Personally, I'd like to shake the !@#$ out of those birth parents, including all sperm and egg donors, who will not meet their children. For god's sake, they are your children, people! Many of the people who comment at this blog have been rejected by their birth parents. My own surrendered daughter never met her natural father because he could "not handle it, not just now," he said, "maybe some other day." And then he died.
Every adopted person has the unalterable unassailable right to meet his or her birth parents, mother and father, face to face, at least once. Common decency would seem to dictate that every birth parent has at least that single obligation to her or his offspring. After that, the choice is up to the people involved. And some will keep the reunion secret. I am sympathetic to adopted people who do not tell their parents, but understand it will be a a slap in the heart to the birth mother, if the person seemingly keeps up a good relationship with his adoptive parents.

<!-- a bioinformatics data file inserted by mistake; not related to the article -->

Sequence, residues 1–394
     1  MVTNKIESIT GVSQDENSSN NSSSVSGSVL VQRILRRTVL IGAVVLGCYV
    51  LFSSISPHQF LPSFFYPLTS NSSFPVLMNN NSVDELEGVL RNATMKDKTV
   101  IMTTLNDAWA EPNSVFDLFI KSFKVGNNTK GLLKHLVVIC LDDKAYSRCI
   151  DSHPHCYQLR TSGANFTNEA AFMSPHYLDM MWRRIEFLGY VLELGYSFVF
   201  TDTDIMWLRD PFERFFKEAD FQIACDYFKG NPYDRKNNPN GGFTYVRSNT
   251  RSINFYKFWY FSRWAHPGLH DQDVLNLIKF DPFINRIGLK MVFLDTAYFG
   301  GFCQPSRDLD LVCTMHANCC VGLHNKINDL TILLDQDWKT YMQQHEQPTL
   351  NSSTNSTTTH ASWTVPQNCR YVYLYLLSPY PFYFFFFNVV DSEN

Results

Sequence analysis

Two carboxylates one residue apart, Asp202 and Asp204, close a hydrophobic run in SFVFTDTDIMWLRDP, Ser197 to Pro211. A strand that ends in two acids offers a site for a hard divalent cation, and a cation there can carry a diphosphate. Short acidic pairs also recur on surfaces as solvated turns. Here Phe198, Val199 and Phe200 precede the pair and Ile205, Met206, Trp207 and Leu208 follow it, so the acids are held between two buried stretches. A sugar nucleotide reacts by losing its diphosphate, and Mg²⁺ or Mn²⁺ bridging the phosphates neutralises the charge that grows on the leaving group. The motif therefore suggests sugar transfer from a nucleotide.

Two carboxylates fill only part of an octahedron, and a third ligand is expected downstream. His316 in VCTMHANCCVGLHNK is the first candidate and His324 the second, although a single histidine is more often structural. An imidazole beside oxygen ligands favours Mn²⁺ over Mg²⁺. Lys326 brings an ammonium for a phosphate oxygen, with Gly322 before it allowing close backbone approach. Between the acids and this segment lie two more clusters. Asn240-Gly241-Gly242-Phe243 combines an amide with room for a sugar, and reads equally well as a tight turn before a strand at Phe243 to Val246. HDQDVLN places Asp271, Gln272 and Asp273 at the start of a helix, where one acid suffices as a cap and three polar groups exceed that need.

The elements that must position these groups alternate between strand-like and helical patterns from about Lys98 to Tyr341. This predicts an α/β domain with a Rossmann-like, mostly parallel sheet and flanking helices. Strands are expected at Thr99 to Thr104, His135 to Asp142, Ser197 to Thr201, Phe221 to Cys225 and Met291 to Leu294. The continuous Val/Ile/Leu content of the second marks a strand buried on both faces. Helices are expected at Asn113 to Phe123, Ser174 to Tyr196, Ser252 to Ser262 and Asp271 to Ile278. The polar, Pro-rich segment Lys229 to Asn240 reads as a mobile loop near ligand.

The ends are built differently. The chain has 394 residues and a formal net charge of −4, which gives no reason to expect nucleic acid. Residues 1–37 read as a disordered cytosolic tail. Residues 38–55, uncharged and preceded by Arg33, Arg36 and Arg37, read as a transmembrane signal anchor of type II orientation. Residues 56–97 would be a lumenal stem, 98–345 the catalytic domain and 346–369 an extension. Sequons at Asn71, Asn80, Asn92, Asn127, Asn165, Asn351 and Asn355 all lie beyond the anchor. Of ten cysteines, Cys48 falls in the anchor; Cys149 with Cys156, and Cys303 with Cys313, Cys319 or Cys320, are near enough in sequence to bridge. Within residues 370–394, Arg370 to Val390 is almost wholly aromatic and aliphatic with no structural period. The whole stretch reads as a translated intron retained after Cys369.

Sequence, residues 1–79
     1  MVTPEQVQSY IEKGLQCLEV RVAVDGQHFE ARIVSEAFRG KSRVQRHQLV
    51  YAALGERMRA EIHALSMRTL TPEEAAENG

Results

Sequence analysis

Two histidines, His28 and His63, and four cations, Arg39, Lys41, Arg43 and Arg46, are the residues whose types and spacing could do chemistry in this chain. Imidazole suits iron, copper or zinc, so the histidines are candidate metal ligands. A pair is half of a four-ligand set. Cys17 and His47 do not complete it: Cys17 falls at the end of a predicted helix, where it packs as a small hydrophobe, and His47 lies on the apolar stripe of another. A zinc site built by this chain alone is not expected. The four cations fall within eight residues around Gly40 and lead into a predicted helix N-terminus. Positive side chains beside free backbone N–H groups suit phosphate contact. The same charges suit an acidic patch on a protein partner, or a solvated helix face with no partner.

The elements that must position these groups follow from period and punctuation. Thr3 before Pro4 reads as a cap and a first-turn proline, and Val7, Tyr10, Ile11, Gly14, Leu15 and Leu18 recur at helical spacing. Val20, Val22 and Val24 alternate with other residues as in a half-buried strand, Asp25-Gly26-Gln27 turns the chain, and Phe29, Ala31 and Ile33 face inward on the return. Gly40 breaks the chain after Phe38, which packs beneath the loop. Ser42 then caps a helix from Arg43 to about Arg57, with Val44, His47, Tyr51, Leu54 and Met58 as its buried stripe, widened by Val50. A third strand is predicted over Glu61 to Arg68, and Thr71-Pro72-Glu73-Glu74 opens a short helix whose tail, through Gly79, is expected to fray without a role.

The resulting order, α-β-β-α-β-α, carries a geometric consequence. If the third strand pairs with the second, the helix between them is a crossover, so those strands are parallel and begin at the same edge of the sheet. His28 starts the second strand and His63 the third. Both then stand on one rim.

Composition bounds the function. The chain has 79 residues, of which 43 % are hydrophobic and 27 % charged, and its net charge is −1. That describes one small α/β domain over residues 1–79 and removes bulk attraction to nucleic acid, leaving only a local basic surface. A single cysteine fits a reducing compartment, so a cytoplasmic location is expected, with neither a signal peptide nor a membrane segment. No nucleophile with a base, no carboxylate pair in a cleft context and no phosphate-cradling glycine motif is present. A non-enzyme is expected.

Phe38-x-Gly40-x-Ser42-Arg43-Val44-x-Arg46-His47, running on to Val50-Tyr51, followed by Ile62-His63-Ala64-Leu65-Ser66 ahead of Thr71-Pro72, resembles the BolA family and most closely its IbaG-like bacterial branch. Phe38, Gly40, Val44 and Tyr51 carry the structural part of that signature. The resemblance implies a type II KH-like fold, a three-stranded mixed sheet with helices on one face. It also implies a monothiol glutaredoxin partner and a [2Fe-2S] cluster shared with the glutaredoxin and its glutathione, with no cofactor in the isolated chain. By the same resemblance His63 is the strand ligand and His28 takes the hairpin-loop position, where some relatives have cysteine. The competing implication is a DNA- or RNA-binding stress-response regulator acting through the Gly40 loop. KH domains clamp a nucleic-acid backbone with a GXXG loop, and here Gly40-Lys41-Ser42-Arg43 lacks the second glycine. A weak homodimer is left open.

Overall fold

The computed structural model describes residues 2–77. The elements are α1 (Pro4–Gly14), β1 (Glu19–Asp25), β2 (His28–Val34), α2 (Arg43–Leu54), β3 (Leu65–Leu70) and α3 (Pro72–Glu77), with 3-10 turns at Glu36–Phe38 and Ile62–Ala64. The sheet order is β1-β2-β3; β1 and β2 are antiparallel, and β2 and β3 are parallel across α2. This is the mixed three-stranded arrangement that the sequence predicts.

Times Past...but not forgotten
When I wrote Birthmark a zillion years ago, I heard from friends that there was a lot of table-pounding going on at dinner parties where the subject of the book came up: What gave that woman the #$@!ing right to write that book! Who in the hell does she think she is? Bleep Bleep Bleep, so I was told by friends who were there and were amazed at the hot heads that erupted. To my face, I was attacked by some media people and acquaintances I loosely thought of as friends. Some friends. As regular readers know, I've been attacked in the here and now (Birth Mothers Attacked as Usual, or Maybe I Need New Friends and Living in Interesting Times) if the subject comes up.